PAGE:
By Dr. A Jon Kimerling, Professor Emeritus, Oregon State University
If you’ve used any raster DEM data to make maps you may have at one time or another asked yourself, “What is the appropriate map scale for the DEM I am using to make the map?” This question is tied closely to a basic principle of map compilation that you may have learned in your beginning cartography course: “Always compile your map from source materials of the same or larger map scales”. In our age of digital elevation models and other raster datasets, this basic principle of map compilation can be restated as: “Always create your raster map from data at the same or higher spatial resolution than the ground resolution of your map display grid cells”. The ground resolution of your map display grid cells will depend on the scale of your map. An equation you can use that relates map scale expressed as a representative fraction (1/x), DEM cell resolution, and map display resolution is:
1/x = 1 / (DEM cell ground size [cm/cell] × map pixel density [pixels/cm]), so that 1 centimeter on the map represents x centimeters on the ground.
To help you, we’ve summarized this information for some of the most widlely used DEMs in a table that you can download as a PDF from Mapping Center’s ArcGIS Resources – More page. A graphic of it is shown below.
Columns 5-10 in the following table give you basic information about a number of widely available DEMs –- their name, geographic extent, date of publication, source, and in most cases a website where you can learn more about the data and how to download all or part of the DEM. The second column in the table gives the spatial resolution of the DEM in degrees, minutes, and seconds. All but the last DEM have quadrilateral grid cells with the same latitude and longitude extent. The ETOPO5 DEM, for example, is comprised of cells 5 min. by 5 min. in geographic extent.
The third column in the table gives the ground resolution of a DEM cell at the equator where a cell is essentially square in shape with the same north-south and east-west ground resolution. The resolution values are either in kilometers or meters, as you can see in the fourth column that gives rounded resolution values. The values in the third column were computed based on an authalic sphere equal in surface area to the WGS 84 ellipsoid, as explained in a note at the bottom of the table. The equator is used in the computations not only because DEM cells are square like the pixels displayed on the output map, but also because the equator is the only latitude where the ground resolution of DEM cells is the same in the north-south and east-west direction s. Recalling that longitudinal spacing decreases from the equator to the pole, you can reason that the east-west ground resolution of DEM cells increases as the pole is approached (according to the cosine of the latitude)and is greatest at the equator.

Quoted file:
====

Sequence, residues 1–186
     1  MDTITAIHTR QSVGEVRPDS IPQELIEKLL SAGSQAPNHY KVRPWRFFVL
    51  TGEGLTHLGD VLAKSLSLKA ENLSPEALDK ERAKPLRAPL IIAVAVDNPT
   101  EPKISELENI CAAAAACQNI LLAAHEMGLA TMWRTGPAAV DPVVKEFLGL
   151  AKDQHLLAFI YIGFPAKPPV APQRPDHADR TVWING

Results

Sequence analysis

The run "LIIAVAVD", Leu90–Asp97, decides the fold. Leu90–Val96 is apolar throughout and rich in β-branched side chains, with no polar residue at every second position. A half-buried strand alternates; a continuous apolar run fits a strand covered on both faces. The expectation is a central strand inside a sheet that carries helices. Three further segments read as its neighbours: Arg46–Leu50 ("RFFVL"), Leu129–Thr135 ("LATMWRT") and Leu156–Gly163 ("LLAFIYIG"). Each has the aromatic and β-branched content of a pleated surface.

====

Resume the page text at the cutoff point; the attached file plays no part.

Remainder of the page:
The maximum advisable map scales in column 1 are computed using the equation above for an output map display pixel density of 100 pixels/inch or 40 pixels/cm. Cartographers have long known that this density or higher produces a visually smooth image where individual pixels cannot be distinguished. With coarser resolutions of 72 pixels or less the raster map becomes progressively more pixelated, undesirable from a cartographic viewpoint, as you can see in the map examples below. The equation used is linear, however, so that you can determine the largest advisable map scale for other output map pixel densities as a simple proportion of your desired pixel density divided by either 100 or 40 depending on whether your density is in inches or centimeters.
Let’s take the first entry in the table, ETOPO5, as an example. The north-south and east-west ground resolution at the equator is 9.27 kilometers (9.27 x 105cm) on the authalic sphere. At a map output display density of 40 pixels/centimeter, a pixel on the equator will represent 9.27 kilometers on the ground at a map scale of 1:36,000,000. This is the ideal situation where there is neither over- nor under-sampling of the DEM. A smaller map scale results in over-sampling of the DEM which is acceptable since more than one DEM cell falls within the ground area represented by a pixel on the map display. A larger map scale results in undesirable under-sampling — use of the same DEM cell for more than one output map pixels.
This example assumes that the map projection used has its line of tangency on the equator so that projection distortion is not an issue at the equator. Scale variation across the map surface is certainly a complicating factor and one that has been discussed for several projections in an earlier blog titled Mathematical Relationships among Map Scale, Raster Data Resolution, and Map Display Resolution. Nevertheless, the table presented here gives you good advice on appropriate map scales for a variety of DEMs.
Thanks to Aileen Buckley, Mapping Center Lead, for her help with this blog entry!